He wasn’t the best with words, nothing compared to Ethan’s poetic language. But he was Jace, in all his awkwardness, the guy who would drop everything and go if Sophia had asked him. They shared so much of a history that it was impossible not to bend over backwards for each other.
“Do you love him?” he asked finally, defeated.
Sophia swallowed and tried her hardest to keep staring at those rocks. She couldn’t look at Jace, not when his blue eyes were so trained on hers. “Yeah,” she answered finally.
Jace exhaled a breath neither one of them realized he was holding in. That’s when she turned to look at him to find the most depleted expression wearing on his features. “Sure.” He said it so lowly that, at first, Sophia wondered if he even said it out loud. That made her angry. That Jace doubted that they were in love, even though they weren’t together.
“Jace,” she sighed. “You have no idea what love is like.”
“Yes, I do!” he retorted, indignant. His face turned red, as though he was suddenly sunburned, and his lips sealed shut, as if he had already said too much. Sophia scoffed at him.
“Oh, right. And how is that?”
He didn’t say anything. Sophia gave up after a few minutes and turned back to staring out into the middle of the river. Dusk had begun to fall over them and she slapped away a couple of mosquitos angrily.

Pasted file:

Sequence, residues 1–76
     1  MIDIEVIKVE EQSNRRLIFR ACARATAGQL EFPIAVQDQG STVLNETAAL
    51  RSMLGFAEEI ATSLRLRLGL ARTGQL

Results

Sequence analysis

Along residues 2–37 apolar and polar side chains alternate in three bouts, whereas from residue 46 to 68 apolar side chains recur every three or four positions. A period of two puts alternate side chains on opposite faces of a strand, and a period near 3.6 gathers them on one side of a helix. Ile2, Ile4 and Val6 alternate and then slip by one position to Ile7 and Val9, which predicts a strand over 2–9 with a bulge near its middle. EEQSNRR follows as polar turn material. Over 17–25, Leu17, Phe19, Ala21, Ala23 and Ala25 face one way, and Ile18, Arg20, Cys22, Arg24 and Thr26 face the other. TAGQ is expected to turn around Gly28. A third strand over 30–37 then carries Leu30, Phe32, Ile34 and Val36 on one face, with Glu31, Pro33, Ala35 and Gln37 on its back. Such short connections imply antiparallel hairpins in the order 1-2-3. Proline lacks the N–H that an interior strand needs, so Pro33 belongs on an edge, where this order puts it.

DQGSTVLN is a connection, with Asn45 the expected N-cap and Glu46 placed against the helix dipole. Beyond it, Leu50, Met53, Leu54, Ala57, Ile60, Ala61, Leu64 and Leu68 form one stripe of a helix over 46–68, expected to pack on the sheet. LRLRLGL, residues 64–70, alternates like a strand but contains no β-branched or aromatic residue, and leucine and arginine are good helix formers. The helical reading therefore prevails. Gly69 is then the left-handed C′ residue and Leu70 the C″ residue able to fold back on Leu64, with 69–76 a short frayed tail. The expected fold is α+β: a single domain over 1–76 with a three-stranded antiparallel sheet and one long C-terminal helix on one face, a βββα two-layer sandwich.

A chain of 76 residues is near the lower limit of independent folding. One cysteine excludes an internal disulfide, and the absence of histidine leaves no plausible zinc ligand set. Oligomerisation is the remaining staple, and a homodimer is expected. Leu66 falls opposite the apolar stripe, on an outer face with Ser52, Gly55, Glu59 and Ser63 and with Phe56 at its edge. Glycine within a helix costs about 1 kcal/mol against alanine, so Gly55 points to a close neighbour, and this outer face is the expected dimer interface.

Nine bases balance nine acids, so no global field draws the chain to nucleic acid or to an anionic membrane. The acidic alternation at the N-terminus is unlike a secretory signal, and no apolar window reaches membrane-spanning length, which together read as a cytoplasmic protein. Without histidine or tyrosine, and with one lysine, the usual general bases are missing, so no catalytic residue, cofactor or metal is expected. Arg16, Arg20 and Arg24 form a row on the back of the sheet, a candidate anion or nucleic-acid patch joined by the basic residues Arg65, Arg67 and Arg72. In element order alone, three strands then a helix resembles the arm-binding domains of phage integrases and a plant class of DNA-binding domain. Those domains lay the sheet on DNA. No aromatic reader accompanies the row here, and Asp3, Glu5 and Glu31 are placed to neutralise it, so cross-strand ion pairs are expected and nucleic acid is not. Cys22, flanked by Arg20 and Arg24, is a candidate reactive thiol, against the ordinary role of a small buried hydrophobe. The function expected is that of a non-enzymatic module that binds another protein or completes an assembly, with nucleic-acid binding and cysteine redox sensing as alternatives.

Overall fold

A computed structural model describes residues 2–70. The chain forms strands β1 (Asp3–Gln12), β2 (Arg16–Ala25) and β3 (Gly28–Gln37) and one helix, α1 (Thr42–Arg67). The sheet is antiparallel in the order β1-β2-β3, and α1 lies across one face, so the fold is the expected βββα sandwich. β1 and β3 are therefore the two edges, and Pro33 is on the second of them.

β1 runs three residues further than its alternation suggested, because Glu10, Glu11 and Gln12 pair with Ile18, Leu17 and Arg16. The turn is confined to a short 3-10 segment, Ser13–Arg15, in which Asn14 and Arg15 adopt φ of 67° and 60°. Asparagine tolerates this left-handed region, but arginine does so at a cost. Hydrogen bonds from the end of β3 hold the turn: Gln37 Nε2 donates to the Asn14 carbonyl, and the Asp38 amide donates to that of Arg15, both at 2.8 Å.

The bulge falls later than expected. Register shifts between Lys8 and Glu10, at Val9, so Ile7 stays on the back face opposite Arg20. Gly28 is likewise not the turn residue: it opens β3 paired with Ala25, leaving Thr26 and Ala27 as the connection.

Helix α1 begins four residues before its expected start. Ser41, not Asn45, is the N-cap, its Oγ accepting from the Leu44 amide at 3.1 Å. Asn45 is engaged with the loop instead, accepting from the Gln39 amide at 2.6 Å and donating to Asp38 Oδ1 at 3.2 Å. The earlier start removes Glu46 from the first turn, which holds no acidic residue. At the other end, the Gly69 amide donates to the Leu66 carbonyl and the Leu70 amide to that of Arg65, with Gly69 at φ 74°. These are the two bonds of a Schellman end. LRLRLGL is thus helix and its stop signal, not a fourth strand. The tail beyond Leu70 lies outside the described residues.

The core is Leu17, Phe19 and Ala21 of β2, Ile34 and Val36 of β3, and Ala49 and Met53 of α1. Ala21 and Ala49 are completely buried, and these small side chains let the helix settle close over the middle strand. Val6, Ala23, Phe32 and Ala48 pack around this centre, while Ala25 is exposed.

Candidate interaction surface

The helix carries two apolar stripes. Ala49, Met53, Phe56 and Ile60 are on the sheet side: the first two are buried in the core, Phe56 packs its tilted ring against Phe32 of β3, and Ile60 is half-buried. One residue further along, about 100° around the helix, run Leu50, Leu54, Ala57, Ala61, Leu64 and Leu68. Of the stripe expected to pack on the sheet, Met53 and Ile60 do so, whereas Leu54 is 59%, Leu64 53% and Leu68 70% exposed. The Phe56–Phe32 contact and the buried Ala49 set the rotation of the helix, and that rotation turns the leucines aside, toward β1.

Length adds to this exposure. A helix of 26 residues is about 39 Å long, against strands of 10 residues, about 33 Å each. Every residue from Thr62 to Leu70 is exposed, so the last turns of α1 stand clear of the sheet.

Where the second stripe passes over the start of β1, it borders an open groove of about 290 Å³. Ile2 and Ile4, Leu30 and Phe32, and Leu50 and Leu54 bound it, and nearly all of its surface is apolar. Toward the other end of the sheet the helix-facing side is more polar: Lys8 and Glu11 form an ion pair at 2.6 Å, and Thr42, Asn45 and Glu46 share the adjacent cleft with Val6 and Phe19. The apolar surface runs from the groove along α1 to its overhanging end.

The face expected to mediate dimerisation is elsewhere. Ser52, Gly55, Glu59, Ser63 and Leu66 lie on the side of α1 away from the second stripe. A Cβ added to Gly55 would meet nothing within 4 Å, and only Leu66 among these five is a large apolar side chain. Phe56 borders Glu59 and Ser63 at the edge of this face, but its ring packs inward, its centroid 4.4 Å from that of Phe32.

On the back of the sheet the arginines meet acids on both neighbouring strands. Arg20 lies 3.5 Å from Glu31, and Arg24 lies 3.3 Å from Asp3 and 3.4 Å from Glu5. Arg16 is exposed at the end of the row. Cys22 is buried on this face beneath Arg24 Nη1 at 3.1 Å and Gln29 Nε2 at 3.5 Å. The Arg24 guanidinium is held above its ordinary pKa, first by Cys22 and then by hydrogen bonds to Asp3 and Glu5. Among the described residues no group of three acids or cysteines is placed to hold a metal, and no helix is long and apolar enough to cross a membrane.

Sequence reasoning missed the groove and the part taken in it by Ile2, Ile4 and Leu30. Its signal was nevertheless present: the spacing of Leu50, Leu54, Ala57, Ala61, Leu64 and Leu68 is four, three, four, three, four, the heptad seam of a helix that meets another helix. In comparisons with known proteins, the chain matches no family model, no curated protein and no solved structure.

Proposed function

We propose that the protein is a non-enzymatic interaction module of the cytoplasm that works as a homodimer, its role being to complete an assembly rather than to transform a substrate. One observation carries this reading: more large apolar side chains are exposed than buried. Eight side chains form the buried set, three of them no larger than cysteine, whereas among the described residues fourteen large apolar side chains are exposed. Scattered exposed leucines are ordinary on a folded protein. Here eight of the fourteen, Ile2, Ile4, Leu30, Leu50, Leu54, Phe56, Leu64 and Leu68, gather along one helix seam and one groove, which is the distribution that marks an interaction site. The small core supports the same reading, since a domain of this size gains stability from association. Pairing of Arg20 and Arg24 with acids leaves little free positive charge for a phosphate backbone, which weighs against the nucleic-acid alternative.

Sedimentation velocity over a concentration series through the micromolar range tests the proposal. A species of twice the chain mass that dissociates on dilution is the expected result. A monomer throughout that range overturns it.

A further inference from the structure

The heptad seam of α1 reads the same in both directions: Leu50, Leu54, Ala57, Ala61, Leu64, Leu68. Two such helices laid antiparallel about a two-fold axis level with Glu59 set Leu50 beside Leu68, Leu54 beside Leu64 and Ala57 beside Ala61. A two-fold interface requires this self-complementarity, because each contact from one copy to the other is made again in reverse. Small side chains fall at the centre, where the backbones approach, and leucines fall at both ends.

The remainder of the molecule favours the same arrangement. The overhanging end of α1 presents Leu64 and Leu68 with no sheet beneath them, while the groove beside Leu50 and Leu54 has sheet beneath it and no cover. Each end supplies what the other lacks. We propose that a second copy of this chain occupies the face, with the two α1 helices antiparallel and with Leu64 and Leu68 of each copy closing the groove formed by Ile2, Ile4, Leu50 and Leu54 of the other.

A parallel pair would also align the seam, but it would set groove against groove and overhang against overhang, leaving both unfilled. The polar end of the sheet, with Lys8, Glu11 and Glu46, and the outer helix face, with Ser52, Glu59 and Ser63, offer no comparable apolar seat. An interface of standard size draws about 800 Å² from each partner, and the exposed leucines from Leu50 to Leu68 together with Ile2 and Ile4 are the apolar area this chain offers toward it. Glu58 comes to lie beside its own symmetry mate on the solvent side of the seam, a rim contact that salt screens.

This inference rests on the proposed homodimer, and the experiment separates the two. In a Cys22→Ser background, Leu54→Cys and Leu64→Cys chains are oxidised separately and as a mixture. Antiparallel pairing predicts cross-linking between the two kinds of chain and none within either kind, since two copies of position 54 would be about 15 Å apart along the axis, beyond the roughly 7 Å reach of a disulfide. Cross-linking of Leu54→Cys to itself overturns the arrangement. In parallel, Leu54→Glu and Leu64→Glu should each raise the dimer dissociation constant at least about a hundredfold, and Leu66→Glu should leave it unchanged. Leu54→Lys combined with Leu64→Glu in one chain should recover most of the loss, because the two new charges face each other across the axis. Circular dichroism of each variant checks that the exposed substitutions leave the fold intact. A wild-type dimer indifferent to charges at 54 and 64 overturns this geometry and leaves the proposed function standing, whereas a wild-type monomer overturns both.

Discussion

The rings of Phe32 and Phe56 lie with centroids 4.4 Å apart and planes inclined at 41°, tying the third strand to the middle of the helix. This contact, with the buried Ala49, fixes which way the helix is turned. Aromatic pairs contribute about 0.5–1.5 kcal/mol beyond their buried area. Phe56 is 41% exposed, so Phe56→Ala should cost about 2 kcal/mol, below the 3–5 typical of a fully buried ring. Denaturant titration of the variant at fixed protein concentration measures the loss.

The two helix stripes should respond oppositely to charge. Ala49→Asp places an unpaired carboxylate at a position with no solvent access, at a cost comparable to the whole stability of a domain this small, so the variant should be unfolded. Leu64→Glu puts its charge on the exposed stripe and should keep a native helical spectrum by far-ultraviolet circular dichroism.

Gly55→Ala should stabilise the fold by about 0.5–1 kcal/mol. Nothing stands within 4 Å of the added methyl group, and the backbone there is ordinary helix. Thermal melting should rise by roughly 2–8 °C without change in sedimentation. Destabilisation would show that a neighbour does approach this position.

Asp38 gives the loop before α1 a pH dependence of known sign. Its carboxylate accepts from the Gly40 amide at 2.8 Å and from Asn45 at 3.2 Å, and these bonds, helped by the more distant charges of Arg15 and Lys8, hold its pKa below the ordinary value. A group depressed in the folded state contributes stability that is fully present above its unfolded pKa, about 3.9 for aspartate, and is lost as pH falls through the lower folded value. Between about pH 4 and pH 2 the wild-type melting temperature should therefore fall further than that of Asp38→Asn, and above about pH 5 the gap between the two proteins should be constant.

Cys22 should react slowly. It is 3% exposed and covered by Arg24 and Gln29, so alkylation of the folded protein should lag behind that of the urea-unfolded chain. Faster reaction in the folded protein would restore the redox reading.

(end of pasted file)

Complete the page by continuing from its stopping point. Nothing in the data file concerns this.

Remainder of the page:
Then, without much of a warning, his hand covered hers softly. “I’ve seen the bruises, Soph.” Jace whispered lowly. “That’s not love.”
Sophia faltered, ashamed and scared. If Jace knew, who else knew? She thought she had done a good job at concealing everything. By shopping for the right clothes, for becoming a master with her concealer and foundation to make a bruise disappear from view. But supposedly, she had let it slip. She had essentially betrayed Ethan again and went against his wishes. That their relationship was their business only and no one else’s. That they had no right to anything that they did. “He cares about me. That’s all it is.” She murmured after a long moment’s pause. And even though she felt tears sting her eyes, she kept her voice calm and steady.
Jace shook his head. “I know what love is. And some guy beating you isn’t it.”
“He doesn’t beat me.” Sophia cried, suddenly angry. “You don’t understand. You’ve never been in love.”
He opened and closed his mouth a few times before his voice wrapped around her, as soft as a summer breeze. “I love you.”
That’s when Sophia pulled her hand away and felt her breath hitch inside of her chest. Jace wasn’t a thing like Ethan. And she couldn’t decide what she felt about that. “Jace,” she tried quietly, biting her lower lip. “We’re just friends.”
Just friends, the words cut a barrier between them like a guillotine. Jace dejectedly folded his arms across his chest and Sophia moved to sit on her hands. He didn’t say anything else, not even as they began the walk back about an hour later.
He didn’t say a single word. Not even when Sophia’s cell phone chimed again.